There is a saying in Hyderabad, cooking patiently or ithmenaan se is the key; slow-cooking is the hallmark of Hyderabadi cuisine.
A 400-year history is behind the culinary delights of Hyderabadi food. It evolved in the kitchens of the Nizams, who elevated food to a sublime art form. Hyderabad cuisine is highly influenced by the native telugu food where rice and spices are widely used to great effect.
In the past, the food was called Ghizaayat. The cuisine is linked to the nobles, who religiously maintain the authenticity of the past, and the recipes are a closely-guarded secret.
The royal cooks are known as Khansamas. They are highly regarded by the nobles.
Shahi Dastarkhan is the dining place, where food is served and eaten. A chowki is a low table, instead of a dining table and cotton mattresses for squatting and bolsters for the back rest. The Dastarkhan is revered in the noble household.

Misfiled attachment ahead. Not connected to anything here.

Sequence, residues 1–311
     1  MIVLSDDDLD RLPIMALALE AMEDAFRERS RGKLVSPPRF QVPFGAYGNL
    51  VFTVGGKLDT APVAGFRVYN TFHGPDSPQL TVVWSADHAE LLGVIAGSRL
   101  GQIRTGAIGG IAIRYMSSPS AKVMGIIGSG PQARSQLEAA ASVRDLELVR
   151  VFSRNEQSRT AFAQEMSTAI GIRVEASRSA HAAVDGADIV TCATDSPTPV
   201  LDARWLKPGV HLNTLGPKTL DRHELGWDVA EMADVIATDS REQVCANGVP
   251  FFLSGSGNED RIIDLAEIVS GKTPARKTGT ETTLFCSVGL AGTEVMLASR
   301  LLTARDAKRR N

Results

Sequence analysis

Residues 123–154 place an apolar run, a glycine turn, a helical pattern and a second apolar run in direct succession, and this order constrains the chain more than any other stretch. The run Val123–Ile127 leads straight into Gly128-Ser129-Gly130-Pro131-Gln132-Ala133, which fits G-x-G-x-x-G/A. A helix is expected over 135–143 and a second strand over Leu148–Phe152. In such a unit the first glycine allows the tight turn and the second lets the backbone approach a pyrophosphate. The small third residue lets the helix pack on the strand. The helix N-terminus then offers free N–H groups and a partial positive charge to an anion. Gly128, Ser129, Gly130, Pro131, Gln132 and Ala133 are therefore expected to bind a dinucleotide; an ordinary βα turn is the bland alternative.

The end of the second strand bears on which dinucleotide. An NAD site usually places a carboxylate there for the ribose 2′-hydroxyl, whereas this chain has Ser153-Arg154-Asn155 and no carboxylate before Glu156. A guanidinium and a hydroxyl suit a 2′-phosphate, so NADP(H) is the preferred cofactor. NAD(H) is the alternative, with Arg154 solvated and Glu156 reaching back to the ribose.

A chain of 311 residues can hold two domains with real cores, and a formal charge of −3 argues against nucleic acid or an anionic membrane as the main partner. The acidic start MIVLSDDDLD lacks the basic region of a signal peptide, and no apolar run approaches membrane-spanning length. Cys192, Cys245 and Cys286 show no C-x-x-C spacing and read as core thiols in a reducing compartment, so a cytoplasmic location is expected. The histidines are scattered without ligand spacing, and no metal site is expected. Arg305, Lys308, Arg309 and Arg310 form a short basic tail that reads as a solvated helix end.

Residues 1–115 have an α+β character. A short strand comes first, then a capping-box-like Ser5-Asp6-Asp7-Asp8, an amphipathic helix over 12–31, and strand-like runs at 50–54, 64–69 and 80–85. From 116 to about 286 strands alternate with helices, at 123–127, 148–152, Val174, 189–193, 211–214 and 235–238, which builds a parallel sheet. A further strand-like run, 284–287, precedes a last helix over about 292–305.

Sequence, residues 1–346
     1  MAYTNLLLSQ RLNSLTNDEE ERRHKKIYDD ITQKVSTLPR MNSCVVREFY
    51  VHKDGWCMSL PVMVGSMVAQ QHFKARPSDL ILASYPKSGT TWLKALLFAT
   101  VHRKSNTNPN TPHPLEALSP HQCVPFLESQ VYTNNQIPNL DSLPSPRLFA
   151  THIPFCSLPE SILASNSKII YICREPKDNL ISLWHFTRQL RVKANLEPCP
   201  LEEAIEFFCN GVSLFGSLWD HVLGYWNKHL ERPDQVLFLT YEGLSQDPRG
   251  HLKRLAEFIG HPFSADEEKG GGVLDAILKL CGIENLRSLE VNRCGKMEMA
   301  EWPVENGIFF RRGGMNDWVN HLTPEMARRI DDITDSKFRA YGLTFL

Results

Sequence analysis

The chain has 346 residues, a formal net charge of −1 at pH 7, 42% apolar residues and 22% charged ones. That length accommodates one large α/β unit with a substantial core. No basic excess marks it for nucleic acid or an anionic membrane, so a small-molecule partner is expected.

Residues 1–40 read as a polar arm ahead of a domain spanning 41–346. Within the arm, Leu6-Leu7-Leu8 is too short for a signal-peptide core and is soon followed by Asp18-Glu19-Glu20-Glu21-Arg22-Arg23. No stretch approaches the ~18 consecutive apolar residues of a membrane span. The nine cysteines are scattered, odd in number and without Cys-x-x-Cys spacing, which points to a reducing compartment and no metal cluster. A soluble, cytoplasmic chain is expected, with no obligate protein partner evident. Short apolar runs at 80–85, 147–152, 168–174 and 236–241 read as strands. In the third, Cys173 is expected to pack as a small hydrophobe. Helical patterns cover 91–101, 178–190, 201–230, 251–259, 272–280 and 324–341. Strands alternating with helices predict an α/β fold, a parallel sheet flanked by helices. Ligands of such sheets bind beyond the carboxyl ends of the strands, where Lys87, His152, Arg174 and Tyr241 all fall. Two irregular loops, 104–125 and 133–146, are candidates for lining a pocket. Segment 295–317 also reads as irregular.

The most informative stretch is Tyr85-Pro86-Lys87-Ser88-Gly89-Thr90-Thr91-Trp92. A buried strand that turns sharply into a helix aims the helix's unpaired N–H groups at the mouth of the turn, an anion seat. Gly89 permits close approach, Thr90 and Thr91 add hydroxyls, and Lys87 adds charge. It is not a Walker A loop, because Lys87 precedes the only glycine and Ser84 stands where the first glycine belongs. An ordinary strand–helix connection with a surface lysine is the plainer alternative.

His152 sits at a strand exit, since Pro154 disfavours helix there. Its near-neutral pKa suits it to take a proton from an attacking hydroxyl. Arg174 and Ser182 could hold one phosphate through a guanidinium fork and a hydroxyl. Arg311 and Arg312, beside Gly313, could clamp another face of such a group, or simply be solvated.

The herbs and spices used and the method of preparation give the dish their name.
On Formal occasions, the food is garnished with warq (a very fine, pure silver leaf created by prolonged hammering and flattening of a small piece of silver).
Hyderabadi Biryani is Hyderabad's most famous meat-and-rice dish. An authentic meal of Hyderabad invariably includes a Mutton Biryani. Chicken and vegetarian biryani are also popular.
The Nizams served some 26 varieties of Biryanis for their guests.
Types of Biryani
- Hyderabadi Biryani Lamb and Rice - A traditional celebration meal.
- Kachchi gosht ki biriyani - raw meat is stir fried with spices(masalas) for couple of minutes and then covered with rice and put on dum.
- Dum-pokht biryani - slow-cooked biryani.
- Mirchi ka salan, Chilli Curry - accompanies a Biryani
- Dahi chutney, curd (not sweet) mixed with onions, green chillies.